Rather than questioning how the potentialities could have been realized and discussing what has and what could have been done to go further, in order to resolve these contradictions, the author’s objectivist analysis invisibilizes this sequence in the struggle and concludes, in general, that the limits that prevented the movement from tipping over testify to the unripeness of the situation. He thus conceives the moments of a cycle in a linear and mechanical way, without possible jumps or breaks. In the “eleven theses,” a text claiming to have a certain Bensaïdian lineage, time is flat and the bureaucrats unroll it from beginning to end without any question of turning points and opportunities or pitfalls and dangers. In this framework, the “concrete analysis of concrete situations,” itself the outcome of contradictions in the balance of power resulting from the class struggle, turns into a description of a static cliché of the balance of power, which can never be more than an accessory to parliamentary mechanics.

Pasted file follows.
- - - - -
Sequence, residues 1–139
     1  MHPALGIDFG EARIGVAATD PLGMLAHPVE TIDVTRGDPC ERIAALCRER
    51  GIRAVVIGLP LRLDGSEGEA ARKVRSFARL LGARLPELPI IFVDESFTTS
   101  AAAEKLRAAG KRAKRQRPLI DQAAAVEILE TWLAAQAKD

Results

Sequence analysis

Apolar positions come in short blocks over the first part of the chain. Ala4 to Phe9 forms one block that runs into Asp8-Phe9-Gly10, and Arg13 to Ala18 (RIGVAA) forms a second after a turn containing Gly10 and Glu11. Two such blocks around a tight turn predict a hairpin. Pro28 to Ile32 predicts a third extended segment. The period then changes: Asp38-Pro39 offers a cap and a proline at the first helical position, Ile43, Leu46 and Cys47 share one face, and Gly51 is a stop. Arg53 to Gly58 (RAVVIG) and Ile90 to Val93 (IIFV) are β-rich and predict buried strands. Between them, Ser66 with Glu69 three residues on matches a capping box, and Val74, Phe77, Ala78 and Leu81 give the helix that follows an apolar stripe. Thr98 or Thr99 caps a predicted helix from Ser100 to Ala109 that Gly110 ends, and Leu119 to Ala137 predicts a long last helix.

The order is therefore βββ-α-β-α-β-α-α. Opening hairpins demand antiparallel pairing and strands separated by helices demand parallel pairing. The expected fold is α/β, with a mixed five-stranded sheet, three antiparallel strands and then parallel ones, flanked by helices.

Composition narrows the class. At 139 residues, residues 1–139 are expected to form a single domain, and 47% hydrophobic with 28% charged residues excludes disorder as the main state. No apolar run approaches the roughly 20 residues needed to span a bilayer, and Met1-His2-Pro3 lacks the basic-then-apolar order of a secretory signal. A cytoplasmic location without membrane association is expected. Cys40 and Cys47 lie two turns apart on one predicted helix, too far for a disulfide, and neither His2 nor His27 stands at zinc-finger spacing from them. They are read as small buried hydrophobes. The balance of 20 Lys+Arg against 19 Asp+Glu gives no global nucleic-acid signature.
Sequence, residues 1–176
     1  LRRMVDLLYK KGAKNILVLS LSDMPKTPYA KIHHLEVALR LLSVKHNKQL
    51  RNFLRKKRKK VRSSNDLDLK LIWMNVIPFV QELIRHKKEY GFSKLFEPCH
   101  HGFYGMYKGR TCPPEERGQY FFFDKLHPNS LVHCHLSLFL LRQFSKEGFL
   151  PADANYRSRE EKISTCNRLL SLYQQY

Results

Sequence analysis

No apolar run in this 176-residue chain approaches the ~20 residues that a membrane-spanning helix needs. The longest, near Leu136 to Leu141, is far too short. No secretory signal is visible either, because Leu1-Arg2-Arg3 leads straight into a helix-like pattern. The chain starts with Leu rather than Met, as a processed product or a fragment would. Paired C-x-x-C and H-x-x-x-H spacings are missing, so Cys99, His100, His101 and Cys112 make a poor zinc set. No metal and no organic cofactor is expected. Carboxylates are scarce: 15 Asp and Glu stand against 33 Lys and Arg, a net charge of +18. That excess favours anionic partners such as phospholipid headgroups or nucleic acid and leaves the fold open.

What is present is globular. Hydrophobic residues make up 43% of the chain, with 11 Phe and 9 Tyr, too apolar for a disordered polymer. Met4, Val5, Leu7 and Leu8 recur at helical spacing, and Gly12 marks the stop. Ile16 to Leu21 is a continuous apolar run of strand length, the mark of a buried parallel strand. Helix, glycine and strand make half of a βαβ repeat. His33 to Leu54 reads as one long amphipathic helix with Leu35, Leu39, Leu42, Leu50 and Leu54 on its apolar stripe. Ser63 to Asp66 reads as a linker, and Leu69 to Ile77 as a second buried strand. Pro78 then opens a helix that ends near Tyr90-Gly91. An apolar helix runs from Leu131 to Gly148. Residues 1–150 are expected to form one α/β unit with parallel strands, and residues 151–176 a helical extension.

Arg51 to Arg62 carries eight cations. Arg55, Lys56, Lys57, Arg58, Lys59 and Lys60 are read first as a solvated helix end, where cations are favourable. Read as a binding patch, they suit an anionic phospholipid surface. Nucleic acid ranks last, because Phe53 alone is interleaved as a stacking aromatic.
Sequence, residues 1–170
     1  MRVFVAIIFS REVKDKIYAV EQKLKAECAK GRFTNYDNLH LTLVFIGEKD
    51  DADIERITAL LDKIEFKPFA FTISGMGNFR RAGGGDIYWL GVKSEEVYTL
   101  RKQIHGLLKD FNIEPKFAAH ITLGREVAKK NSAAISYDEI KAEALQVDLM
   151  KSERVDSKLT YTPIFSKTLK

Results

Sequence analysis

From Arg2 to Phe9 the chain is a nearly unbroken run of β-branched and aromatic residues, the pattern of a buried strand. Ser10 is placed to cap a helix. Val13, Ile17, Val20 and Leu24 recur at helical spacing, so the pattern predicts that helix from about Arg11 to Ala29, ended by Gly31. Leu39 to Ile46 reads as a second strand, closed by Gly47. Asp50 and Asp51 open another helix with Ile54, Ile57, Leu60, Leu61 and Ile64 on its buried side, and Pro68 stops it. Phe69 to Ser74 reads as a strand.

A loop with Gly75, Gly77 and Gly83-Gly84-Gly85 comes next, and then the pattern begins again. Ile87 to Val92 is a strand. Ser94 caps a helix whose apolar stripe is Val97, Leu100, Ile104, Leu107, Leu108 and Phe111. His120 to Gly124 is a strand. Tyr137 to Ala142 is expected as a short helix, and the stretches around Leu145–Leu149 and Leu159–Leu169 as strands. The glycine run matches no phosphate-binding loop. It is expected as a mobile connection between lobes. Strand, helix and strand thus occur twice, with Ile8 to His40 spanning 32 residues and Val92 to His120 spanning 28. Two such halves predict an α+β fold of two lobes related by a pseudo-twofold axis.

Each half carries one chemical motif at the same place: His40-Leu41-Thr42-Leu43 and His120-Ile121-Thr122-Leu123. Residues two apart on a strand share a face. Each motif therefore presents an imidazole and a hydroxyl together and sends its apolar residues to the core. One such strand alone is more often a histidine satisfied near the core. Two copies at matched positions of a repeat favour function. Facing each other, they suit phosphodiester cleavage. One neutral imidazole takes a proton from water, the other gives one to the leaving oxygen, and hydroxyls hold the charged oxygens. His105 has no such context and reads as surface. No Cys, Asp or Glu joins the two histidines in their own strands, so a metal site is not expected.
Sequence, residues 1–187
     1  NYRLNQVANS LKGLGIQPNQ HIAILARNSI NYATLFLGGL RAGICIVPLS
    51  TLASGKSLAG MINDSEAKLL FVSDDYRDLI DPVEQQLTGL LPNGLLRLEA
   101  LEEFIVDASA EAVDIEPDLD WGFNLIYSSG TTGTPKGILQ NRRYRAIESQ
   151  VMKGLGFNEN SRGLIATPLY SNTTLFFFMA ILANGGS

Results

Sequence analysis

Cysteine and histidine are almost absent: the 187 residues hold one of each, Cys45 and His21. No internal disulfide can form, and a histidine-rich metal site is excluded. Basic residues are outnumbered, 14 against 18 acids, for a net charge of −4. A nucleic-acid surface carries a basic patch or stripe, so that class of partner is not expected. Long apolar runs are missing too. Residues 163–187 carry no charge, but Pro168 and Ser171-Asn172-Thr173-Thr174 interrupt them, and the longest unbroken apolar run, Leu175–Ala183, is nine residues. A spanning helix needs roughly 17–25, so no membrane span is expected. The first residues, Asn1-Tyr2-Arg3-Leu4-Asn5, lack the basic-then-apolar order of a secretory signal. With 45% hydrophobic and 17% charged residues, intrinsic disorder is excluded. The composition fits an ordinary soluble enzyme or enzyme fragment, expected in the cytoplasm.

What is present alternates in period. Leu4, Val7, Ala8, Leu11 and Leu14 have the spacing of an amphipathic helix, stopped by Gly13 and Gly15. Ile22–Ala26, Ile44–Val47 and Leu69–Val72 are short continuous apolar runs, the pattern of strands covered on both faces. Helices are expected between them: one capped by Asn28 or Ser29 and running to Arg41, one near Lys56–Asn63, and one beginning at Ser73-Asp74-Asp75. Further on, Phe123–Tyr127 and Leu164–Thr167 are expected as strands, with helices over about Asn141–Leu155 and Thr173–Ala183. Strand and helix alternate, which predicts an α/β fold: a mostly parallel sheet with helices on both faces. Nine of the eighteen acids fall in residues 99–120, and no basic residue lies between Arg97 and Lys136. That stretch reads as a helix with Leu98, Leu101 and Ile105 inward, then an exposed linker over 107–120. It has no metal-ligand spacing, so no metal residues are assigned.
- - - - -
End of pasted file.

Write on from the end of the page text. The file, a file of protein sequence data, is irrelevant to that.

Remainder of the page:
Polarized by the institutional outcomes for the movement, the author’s indifference to all initiatives in favor of self-organization is in fact inversely proportional to his interest in “the rise in power and increased combativeness of the parliamentary Left, in particular the 74 La France Insoumise (LFI) deputies, who strongly contributed to the politicization and radicalization of [the] mobilization.”9In his role as intermediary between the more or less far left and the more or less radical reformist left, in this case between the LFI-NUPES and the Besancenot-Poutou NPA, the author puts forward the idea that there were, just as much as in the far left, militants who fought within the PCF for “the necessity of a revolutionary rupture.” Whatever the critical assessment one can draw from the French far left from the 60s to the 80s, in particular the Trotskyist groups (Internationalist Communist Party (PCI)-Internationalist Communist Organization (OCI), Worker’s Voice (VO)-Worker’s Struggle (LO), and Independent Communist Party (PCI)-Revolutionary Communist Youth (JCR)-Communist League (LC)-Revolutionary Communist League (LCR)), it is highly unwise to put it on the same level as the so-called sectors that would have existed within the PCF and that would have fought for such a perspective. Through its leadership and its cadres, during and after 1968, like other Western European communist parties of the time, in Italy, in the Spanish state or in Portugal, the French CP is a party of order. Opting for another narrative is to distort history in order to better disguise the present: to paint in red the currents (and no doubt their deputies and cadres) that within LFI would defend the necessity of a revolutionary break, which the tendency of the NPA supported by the author has not yet completely decided to join. The debate on the role of LFI, which we consider to have expressed its strategic limits, is beyond the scope of this article. But it should be noted that this is probably the only element of the situation over which the author permits himself to blush … While claiming to be anti-capitalist, he ultimately proposes the cohabitation of a NUPES government (a coalition of the major center-left parties, with the LFI at its head) with Macron as the only perspective to the enormous anger expressed in recent months, accompanied by a call for trade union militancy and for “political-cultural work that allows us to move from hatred of Macron to criticism of the system as a whole,” the implementation of which is postponed sine die. The whole eleventh thesis is thus devoted to the elaboration of hypothetical scenarios presenting a parliamentary victory as the only political outcome of the enormous mobilization of the last months.